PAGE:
Born in Virginia in 1780, Forsyth went to school in Wilkes County, Georgia, before graduating from the future Princeton University in 1799. He returned to Augusta to practice law and married the daughter of Josiah Meigs, the president of the University of Georgia.
An accomplished lawyer, Forsyth was elected Georgia’s attorney general at age 28 and his distinguished political career began. He served in both the U.S. House and Senate before President James Monroe appointed him as minister to Spain, where he negotiated the treaty that annexed Florida. After another stint in the House he returned to Georgia and served as governor. His primary accomplishment: extending Georgia law over the Cherokee.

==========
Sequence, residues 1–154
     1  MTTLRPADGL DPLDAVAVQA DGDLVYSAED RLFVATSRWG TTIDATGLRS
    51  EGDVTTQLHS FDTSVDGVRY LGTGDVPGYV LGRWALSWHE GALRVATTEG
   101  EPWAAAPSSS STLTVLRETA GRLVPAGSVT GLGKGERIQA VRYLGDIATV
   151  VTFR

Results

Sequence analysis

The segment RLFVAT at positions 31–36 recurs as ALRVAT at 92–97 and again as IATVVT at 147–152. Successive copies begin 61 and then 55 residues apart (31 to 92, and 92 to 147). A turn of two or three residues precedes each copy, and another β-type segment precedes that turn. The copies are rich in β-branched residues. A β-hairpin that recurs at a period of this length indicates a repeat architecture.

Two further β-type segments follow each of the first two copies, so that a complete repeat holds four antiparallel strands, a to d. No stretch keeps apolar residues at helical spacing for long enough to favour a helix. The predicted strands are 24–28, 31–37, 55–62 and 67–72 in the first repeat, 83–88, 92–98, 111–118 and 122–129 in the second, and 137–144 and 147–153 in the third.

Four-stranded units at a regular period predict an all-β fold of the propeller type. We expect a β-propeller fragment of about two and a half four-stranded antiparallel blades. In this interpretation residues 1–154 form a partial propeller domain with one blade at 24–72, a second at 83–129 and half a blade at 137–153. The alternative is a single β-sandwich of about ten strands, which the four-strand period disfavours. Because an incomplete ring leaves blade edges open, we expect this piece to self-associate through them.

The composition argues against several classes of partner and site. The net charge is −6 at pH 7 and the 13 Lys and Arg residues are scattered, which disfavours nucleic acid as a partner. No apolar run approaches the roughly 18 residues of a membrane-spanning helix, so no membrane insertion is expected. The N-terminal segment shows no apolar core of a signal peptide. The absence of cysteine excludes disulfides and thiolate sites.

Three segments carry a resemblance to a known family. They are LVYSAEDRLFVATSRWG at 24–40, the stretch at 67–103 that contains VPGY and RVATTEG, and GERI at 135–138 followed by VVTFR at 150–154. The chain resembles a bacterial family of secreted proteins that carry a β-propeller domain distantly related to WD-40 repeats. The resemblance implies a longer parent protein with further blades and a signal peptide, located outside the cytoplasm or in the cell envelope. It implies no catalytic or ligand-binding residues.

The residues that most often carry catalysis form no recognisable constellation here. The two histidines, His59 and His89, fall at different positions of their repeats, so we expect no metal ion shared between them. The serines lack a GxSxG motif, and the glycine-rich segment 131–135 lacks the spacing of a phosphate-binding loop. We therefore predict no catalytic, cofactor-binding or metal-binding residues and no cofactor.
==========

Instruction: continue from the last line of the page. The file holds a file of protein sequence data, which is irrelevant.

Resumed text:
Forsyth returned to the U.S. Senate and backed President Andrew Jackson in the states-rights showdown with South Carolina in 1832. As a reward, Jackson appointed Forsyth Secretary of State, the only Georgian to hold that office besides Dean Rusk.
Georgia honored one of her most accomplished politicians when Forsyth County was created on December 3, 1832, Today in Georgia History.
John Forsyth's son established the Mobile Register in Alabama